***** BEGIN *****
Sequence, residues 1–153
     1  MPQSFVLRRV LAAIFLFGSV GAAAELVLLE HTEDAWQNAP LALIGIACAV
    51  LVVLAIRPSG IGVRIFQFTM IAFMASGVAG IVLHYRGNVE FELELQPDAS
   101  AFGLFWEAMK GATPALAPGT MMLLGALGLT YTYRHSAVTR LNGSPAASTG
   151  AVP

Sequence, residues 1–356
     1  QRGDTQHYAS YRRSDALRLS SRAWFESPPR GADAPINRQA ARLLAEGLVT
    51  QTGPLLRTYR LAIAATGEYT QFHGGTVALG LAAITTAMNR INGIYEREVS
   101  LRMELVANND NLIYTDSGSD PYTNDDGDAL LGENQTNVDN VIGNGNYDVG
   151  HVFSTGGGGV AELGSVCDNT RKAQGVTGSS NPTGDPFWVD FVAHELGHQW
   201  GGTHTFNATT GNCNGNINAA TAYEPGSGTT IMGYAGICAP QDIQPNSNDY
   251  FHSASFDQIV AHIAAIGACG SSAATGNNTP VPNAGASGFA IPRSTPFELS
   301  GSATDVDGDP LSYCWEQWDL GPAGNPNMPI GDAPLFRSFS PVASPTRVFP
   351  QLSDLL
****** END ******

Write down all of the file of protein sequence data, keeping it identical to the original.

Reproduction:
Sequence, residues 1–153
     1  MPQSFVLRRV LAAIFLFGSV GAAAELVLLE HTEDAWQNAP LALIGIACAV
    51  LVVLAIRPSG IGVRIFQFTM IAFMASGVAG IVLHYRGNVE FELELQPDAS
   101  AFGLFWEAMK GATPALAPGT MMLLGALGLT YTYRHSAVTR LNGSPAASTG
   151  AVP

Sequence, residues 1–356
     1  QRGDTQHYAS YRRSDALRLS SRAWFESPPR GADAPINRQA ARLLAEGLVT
    51  QTGPLLRTYR LAIAATGEYT QFHGGTVALG LAAITTAMNR INGIYEREVS
   101  LRMELVANND NLIYTDSGSD PYTNDDGDAL LGENQTNVDN VIGNGNYDVG
   151  HVFSTGGGGV AELGSVCDNT RKAQGVTGSS NPTGDPFWVD FVAHELGHQW
   201  GGTHTFNATT GNCNGNINAA TAYEPGSGTT IMGYAGICAP QDIQPNSNDY
   251  FHSASFDQIV AHIAAIGACG SSAATGNNTP VPNAGASGFA IPRSTPFELS
   301  GSATDVDGDP LSYCWEQWDL GPAGNPNMPI GDAPLFRSFS PVASPTRVFP
   351  QLSDLL